After reading Superior Spider-Man Team-Up #9, I have some observations, but before I get to those, let me give you a short recap of what happened in this issue.
One night, while Spider-Ock is swinging through a very quiet city, he ponders why he’s feeling uneasy even though he’s laid waste to the majority of New York’s crime syndicates. A series of shots ring out and Spider-Ock narrowly avoids being ventilated by a mystery sniper. While bullets wiz all around him, he uses his newly reformulated webbing (Deus ex machina) to create a makeshift bullet-proof vest and takes the sniper head-on.
Turns out it’s just the Punisher and Daredevil who’ve been trying to get his attention. So, what do they want? Punisher’s safe house has been broken into and some Green Goblin hardware, namely a Bat-glider, has gone missing. Daredevil and Punisher want some sort of an assurance that Spidey hasn’t taken it. Spidey brings the duo to Spider-Island to prove that he doesn’t have the gear. After weaving through a myriad of added security measures, Spidey-Ock discovers that the cache of weapons he’s been hording has gone missing. A pumpkin bomb is lobbed at them by an assassin who is dressed as a Spider-Minion.
After a failed attempt to kill the trio, the Mole-Minion, is discovered to be wearing a suicide vest made of Pumpkin bombs. He speaks to someone over his headset, but his secretive co-conspirator refuses to respond and cuts off communication, leaving him twisting in the wind. The co-conspirator on the other end of the line is none other than the Green Goblin himself. Being the evil mastermind that he is, he reminds an agitated Hobgoblin that the Mole-Minion is but an expendable pawn in his overall grand scheme (Gobby didn’t respond to the minion over the headset because he didn’t want to tip off Daredevil to his secret identity). After a brief beat-down interrogation, Mole-Minion lets Spidey in on a big secret. In Spider-Ock’s attempt to rid the city of all of its crime bosses, he has unwittingly assisted a mystery villain in his bid to take over.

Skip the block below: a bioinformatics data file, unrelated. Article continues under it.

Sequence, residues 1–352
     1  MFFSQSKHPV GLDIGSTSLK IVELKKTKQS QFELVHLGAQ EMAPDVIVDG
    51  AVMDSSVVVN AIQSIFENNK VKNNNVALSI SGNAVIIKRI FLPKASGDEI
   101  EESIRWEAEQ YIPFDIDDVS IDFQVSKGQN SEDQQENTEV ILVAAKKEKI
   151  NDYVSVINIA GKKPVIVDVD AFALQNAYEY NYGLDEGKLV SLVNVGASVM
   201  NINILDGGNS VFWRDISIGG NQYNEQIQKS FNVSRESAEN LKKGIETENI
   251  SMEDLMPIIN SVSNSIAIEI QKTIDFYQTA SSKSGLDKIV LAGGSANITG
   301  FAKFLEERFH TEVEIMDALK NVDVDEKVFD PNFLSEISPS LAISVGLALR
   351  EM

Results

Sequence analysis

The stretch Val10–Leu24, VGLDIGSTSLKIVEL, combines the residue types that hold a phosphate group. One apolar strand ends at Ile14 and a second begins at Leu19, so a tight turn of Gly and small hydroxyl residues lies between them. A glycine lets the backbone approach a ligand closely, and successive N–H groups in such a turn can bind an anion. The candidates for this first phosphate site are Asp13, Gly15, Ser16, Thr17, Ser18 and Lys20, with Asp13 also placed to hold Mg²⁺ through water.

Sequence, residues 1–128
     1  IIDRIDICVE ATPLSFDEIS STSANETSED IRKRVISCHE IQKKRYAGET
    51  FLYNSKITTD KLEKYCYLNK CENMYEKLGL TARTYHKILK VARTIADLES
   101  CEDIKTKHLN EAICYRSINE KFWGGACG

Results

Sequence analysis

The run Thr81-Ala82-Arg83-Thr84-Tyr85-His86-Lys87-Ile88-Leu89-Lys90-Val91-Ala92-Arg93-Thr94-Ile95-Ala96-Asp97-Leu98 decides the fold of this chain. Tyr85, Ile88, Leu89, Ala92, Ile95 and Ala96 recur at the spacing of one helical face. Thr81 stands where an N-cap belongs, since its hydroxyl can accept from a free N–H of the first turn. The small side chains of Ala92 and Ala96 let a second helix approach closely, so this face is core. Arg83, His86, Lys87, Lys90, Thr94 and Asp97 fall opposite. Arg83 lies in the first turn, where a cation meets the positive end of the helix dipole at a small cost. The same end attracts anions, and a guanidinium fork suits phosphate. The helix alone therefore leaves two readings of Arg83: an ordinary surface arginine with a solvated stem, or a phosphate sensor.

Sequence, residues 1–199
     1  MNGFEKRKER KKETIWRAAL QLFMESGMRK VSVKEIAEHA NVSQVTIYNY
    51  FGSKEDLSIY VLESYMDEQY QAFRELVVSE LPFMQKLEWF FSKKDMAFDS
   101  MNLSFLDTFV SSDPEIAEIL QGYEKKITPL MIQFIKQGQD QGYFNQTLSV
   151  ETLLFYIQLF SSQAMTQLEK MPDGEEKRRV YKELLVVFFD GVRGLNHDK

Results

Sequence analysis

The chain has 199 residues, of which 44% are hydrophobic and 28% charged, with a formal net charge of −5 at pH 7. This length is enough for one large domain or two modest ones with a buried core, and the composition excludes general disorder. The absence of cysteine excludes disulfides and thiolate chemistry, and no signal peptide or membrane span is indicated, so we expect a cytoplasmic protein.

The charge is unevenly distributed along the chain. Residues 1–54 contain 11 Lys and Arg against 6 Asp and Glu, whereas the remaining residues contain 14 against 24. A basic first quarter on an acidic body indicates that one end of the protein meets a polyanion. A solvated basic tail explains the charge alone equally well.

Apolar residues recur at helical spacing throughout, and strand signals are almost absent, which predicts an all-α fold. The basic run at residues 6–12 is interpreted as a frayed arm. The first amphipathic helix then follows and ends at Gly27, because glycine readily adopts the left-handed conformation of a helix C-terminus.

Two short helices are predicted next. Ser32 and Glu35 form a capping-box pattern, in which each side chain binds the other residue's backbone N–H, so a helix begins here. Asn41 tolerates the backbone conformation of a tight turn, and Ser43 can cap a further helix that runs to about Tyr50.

This cliffhanger ends with Spidey, Daredevil and Punisher finding themselves looking down the barrels of, and surrounded by, an army of turncoat minions newly outfitted with Sinister Six-looking weaponry. This was a fast paced story and, even though it was 20 pages long, it ended too quickly for me. Too many details seemed to be glossed over in an attempt to get it all in.
I have a few small nits to pick. A pet peeve of mine is when a writer takes for granted that the audience knows the characters he’s writing about. Kevin Shinick, apparently a good writer, assumes we all know that Daredevil, Punisher and Spidey have a history together. A new reader to comics would understandably wonder why Punisher is shooting at Spidey, seemingly with the blessing of Daredevil. In my opinion, this storyline demonstrates that writer Kevin Shinick doesn’t seem to know the characters very well. I can imagine Punisher, who is clearly insane, shooting at Spidey, but Daredevil is Spidey’s friend and co-adventurer from years back. I can’t picture Murdock allowing this irresponsible behavior, let alone initiating it. While an amusing chuckle for the Punisher, rifle shots point-blank to Spidey’s chest, bullet-proof or not, are simply not an acceptable way of getting his attention. It reminded me of the recent bullied boy back-up story in Amazing Spider-Man #700.4 where the boy sets fire to a roof in order to get Spidey’s attention.